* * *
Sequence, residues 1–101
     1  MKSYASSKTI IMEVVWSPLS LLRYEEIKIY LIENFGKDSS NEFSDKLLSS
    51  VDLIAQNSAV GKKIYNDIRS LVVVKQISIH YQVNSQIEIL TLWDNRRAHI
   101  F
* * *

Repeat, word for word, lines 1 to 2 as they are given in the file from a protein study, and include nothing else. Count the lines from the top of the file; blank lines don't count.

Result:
Sequence, residues 1–101
     1  MKSYASSKTI IMEVVWSPLS LLRYEEIKIY LIENFGKDSS NEFSDKLLSS